Two new sitcoms make it blue-collar night on ABC TELEVISION PREVIEW

September 29, 1993|By David Zurawik | David Zurawik,Television Critic

Starting tonight, Wednesday is blue-collar night on ABC.

Using "Home Improvement" as an anchor, the network introduces two blue-collar sitcoms -- "Joe's Life," at 8:30, and "Grace Under Fire," at 9:30 on WJZ (Channel 13).

"Grace Under Fire" is the one that matters.

Like a half-dozen other new series this fall, "Grace" features a stand-up comic. She's Brett Butler, she swears that's her real name, she's Southern and she's funny.

Her character is named Grace Kelly, but there's nothing of the princess about her. She a thirtysomething single mom who just escaped from a physically abusive marriage and is trying to raise three kids -- ages 8, 5, and eight months -- on her own. She works at an oil refinery where she wears an honest-to-god hard fTC hat, just in case anyone in TV Land doesn't think this is a real blue-collar show.

The series breaks new ground for a sitcom in its frank discussion of a physically abusive marriage. And that past is going to continue to be very much a part of Grace's present throughout the season.

"I had two choices," she tells viewers in the opening of tonight's pilot. "I could continue to live with a knuckle-dragging, cousin-loving, beer-sucking redneck husband . . . or work like a dog for lousy pay and try to find a way to raise three kids alone. . . . It's nice to have choices."

As that quote suggests, "Grace Under Fire" is not exactly frothy. It's darker than "Roseanne," another blue-collar sitcom starring a stand-up comic -- which, by the way, is made by the same producers.

In fact, "Grace" starts out looking darker than any sitcom this side of "The John Larroquette Show." And the dark, existential humor of Larroquette's series is the secret of that show's unique appeal.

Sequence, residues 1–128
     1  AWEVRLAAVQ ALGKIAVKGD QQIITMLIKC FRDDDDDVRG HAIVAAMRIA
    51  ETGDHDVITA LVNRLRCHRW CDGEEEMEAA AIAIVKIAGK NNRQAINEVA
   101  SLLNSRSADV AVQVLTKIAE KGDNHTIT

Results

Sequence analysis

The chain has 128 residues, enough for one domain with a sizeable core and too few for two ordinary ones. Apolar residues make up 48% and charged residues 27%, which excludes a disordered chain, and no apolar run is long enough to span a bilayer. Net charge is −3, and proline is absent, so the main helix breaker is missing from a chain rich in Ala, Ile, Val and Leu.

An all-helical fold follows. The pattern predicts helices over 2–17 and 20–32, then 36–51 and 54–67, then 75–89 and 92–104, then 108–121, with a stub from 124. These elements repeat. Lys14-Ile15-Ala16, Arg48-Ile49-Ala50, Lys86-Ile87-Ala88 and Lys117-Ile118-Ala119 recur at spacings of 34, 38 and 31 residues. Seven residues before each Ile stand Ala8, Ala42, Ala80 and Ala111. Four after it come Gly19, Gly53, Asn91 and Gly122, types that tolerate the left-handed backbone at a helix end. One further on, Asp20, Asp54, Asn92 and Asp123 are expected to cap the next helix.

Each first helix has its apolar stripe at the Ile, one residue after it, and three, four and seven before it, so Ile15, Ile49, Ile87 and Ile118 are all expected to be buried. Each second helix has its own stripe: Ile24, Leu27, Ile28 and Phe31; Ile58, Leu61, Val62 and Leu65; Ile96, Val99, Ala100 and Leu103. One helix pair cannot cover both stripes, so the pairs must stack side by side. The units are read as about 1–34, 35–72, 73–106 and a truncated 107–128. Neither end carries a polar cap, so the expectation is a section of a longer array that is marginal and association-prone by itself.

"Grace" is not at its best when it's dark. "Grace" is at its best when second banana Dave Thomas is on-camera.

Thomas, formerly of "SCTV," plays a recently divorced pharmacist who asks Grace out on a date in tonight's pilot.

Thomas balances Butler's head-banging sarcasm with a more gentle, ironic humor.

Some of the show's funniest moments come from their interplay -- especially when they verbally duel over who had the worse marriage.

"On the honeymoon, my ex-wife brought along her dog because she wanted something to play with," he says.

"On my honeymoon, my ex brought along his three brothers so I wouldn't have to cut bait all by myself," she counters.

The combination of Butler and Thomas, the producers from "Roseanne" and the time period following "Home Improvement" makes "Grace Under Fire" look like a sure-fire hit that will be gracing ABC's schedule for years to come.

1/2 (but I wouldn't argue with three).

Lifeless 'Joe's Life'

"Joe's Life" makes you wonder how such a talented star wound up in such a misguided project. The star is Peter Onorati, who spent the last couple of TV seasons as an attorney lusting after Mariel Hemingway in "Civil Wars." He was terrific.

In "Joe's Life," he plays Joe Gennaro, a laid-off worker in the aerospace industry having a midlife crisis. During the day, he's at home taking care of three kids. At night, he's working as a cook in his brother's restaurant. His wife is working days as a temp.

It's supposed to be a sitcom. It isn't even a little funny. Onorati looks lost.

"It's not just the job deal," Joe tells his wife when she asks him why he's so down in the dumps. "It's this whole Mr. Mom deal -- I just don't get it."

I don't get any sense that anyone at ABC knows what "Joe's Life" is supposed to be about.

1/2

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